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New Trend Same as the Old Trend

This morning in the Orlando Sentinel Jason Garcia compiled an informative look at the most recent trend to hit the Orlando area theme parks – interactivity. Let’s leave the debate as to whether guests actually desire this over passive entertainment while on their vacation aside for now. The idea is already here and the parks are building a lot more of it in the next few years.

For years theme park design has meant to immerse the customer in the show, but the main focus has been to view them as guests who just happens to drop by. So the focus was on presenting a high quality experience they would remember forever and, even better, share with their friends and family when they got home. The new focus is to view the guest as more of a participant in the experience.

“Kids whose concept of entertainment is defined by video games are looking for something very different in a theme park than previous generations whose concept of entertainment was defined by television or movies or radio,” said Robert Niles, publisher of the Web site

Walt Disney often spoke of how Disneyland was the culmination of all the skills and talent learned at his television, movie, and animation divisions. There is also a direct line from the Cast Member training program invented in the early days of Disneyland by Van Arsdale France and Dick Nunis to the modern definition of Guest Service Excellence that is taught at the Disney Institute and practiced at nearly every customer oriented company. The idea that the customer is your guest and not just X percentage of profit margin really changes how a company interacts and works to earn the future business of each consumer.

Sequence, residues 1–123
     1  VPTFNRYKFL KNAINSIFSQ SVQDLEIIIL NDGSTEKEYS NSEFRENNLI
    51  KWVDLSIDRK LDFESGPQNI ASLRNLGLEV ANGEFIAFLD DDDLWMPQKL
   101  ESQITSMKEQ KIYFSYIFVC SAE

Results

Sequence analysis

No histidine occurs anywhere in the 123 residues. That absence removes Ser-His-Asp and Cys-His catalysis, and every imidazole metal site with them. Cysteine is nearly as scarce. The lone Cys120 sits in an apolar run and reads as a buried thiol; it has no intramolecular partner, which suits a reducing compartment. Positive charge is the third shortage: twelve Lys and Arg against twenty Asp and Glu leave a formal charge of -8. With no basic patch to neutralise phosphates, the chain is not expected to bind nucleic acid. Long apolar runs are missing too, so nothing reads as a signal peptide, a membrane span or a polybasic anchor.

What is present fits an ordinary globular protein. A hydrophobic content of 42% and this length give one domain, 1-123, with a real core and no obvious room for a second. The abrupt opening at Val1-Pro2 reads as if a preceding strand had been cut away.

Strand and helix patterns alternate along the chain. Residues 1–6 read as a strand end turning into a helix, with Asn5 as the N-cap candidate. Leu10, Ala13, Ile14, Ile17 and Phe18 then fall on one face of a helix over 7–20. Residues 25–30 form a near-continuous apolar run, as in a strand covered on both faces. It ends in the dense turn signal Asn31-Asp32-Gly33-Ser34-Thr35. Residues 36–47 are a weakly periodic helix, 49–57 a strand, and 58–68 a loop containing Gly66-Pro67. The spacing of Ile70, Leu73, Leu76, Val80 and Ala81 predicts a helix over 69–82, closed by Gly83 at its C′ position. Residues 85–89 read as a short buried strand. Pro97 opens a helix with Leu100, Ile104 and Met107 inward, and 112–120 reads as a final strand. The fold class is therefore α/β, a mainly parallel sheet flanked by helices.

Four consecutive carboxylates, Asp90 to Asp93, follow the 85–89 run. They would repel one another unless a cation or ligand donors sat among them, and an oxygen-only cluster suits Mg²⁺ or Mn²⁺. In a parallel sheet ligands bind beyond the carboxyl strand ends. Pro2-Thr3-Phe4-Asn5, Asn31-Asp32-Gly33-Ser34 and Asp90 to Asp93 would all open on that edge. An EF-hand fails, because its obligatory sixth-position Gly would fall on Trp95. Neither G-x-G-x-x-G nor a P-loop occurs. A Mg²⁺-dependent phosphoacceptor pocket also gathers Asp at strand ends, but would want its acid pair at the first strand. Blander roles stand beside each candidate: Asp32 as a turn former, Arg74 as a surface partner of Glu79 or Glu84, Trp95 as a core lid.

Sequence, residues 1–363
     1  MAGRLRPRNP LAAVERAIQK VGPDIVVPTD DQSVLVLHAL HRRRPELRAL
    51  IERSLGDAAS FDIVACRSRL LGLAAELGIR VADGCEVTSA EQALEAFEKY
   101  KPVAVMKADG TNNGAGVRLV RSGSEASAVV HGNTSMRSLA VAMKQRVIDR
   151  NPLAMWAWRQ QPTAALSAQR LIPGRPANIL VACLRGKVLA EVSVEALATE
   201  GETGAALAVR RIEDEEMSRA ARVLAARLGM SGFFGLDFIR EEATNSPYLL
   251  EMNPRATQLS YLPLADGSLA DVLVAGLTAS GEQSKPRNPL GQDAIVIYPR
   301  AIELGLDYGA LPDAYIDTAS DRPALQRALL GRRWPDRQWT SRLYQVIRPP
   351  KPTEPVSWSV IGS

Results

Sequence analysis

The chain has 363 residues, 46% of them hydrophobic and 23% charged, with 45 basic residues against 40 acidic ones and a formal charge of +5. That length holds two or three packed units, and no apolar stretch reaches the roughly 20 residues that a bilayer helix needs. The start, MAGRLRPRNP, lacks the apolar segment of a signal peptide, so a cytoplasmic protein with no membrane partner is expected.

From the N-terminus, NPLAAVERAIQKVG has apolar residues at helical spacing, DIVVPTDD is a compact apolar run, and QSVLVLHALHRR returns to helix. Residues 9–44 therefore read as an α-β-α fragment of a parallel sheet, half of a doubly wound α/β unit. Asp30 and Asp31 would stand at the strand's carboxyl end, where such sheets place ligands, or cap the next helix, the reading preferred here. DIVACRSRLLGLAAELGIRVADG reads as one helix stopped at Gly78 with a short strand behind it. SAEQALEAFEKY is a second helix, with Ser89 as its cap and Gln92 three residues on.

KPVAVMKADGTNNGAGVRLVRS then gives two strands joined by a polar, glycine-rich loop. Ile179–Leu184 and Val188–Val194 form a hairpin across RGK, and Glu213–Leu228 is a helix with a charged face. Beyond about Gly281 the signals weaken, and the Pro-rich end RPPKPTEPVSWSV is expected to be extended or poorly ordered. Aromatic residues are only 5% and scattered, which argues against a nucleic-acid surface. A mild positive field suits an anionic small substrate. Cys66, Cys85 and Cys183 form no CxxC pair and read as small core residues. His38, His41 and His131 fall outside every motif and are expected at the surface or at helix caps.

If theme parks take seriously the idea that the guest is part of the show, this will lead to a wholesale shift in the way cast members are trained and how customers are treated at theme parks.  It already has shifted somewhat at attractions like American Idol Experience and Hollywood Rip Ride Rockit Coaster. Eventually those lessons will make their way to the rest of the business world as well. I’m definitely excited to track how that happens.

3 thoughts on “New Trend Same as the Old Trend”

  1. Why not? It would seem to make a whole lot of sense, as it gives the guest(s) a unique experience, other than just the same old thrill repeated. Regardless, it will still come down to the content and how well it’s executed. Good example is the recent debut and quick closure of Stitch’s Supersonic Celebration. If the show/story is bad, then the interactivity really doesn’t matter. People may stop and look for a moment, but then they’ll just keep walking.

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